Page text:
The second part of https://tangopardo.com.ar/2cf7/2021/05/17/so-i-bought-a-house
A nice talk about common mental traps: Survival Heuristics: My Favorite Techniques for Avoiding Intelligence Traps – SANS CTI Summit 2018
From there, the Cynefin framework.
So, I bought a house
I still stand by my position stated some months ago but then a very good opportunity came by and I did the most sensible thing.
I bought a
ticket for the Titanic house.
A nice place full of fruit trees. Three vines, a Fig, an all-year-round Lemon tree, Peach tree, Camphor, Blackberry, Pomegranate and Passiflora/Mburucuyá.
And on top of that it has a dance hall, with mirrors and a barre.
There’s a house, someplace behind all those weeds.
It’s hammer time!
Some days all I want to do is smash a hard drive to pieces and pour them into a roaring fire.
Once upon a time a wise man said:
Should you find yourself in a chronically leaking boat, energy devoted to changing vessels is likely to be a more productive than energy devoted to patching leaks.
And much to my sorrow, Uruguay and Paraguay look more and more like a suitable ship to board.
Installing rope guides and rollers
Today after waiting more than a year since I built them, I finally installed the rollers on our lamp fixture. I also exchanged the roof mounts with something sturdier. Now I only have to retouch the paint on a couple of spots and perhaps build a better winch to pull on all the ropes.
So after building up all the missing metal the next step is turning the shaft back into dimension.
To do this properly a lathe and/or a special grinder is used. I have neither but the points from that compass, a dremel and a bit of ingenuity.
Thus, this is how we create a precision ground shaft in the third world:
I did most of the hard work free hand at the bench grinder and then used this contraption and a small stone on the dremel to get it as close as possible to how it is supposed to be. The keyway only needed a small touch with a round burr after filling the walls.
The gear fits nice with just a bit of runout that I hope the rest of the tolerances will mask out.
And after putting all back together it’s running again. I only needed to add a shim between the gear and the bearing to take out a bit of axial play.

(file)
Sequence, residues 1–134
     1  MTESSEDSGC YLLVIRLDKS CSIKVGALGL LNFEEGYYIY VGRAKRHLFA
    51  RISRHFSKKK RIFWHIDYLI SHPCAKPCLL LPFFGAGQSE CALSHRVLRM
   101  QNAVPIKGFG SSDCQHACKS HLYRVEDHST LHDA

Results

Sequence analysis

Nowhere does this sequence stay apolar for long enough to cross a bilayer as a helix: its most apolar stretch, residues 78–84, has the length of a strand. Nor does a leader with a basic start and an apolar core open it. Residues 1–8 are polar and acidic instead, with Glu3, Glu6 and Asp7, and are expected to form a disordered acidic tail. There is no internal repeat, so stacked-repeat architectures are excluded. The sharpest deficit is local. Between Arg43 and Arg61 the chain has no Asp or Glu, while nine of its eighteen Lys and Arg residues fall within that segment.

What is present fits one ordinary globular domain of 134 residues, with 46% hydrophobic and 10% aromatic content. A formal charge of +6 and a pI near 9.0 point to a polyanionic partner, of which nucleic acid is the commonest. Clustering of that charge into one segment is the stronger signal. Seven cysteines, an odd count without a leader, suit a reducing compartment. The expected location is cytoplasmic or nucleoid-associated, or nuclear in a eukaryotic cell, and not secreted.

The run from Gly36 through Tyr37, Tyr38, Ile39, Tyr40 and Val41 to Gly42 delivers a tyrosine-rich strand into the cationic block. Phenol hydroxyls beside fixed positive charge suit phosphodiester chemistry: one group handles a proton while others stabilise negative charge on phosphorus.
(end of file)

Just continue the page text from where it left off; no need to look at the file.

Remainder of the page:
When it broke I was almost about to dump it, I had little experience welding and back then it was really cheap. But in spite of how it looks on the outside it has a very sturdy construction (for its price) and a quality needle bearing instead of a plain bushing like the others.
It was a good call, as now I have another working tool.
Worn shaft buildup.
I had this “Gladiator” angle grinder awaiting repairs for quite a lot of time. It was cheap but I liked it a lot because it came with a speed control and took a lot of use without complaining.
But one day it broke. The motor spun, there was a lot of noise but the output wasn’t turning. Inspecting the gearbox revealed that the small bevel gear was free in the motor shaft. The grease had some shiny specks and looking closer the key was still in the gear.
On the previous weeks it started to make louder and louder sounds but I assumed it was kind of normal for the abuse.
And then it seems that the keyway gave up and the shaft, soft as butter, ground itself between the hardened gear and the woodruff key until it became free:
I used the bearing puller to have a solid ground connection and started to pad beads to build up the missing metal. I went a bit overboard with the heat but I somehow managed to not bend nor twist the shaft. Tomorrow I’ll try to grind it back to the original dimensions.
Fixing a belt sander.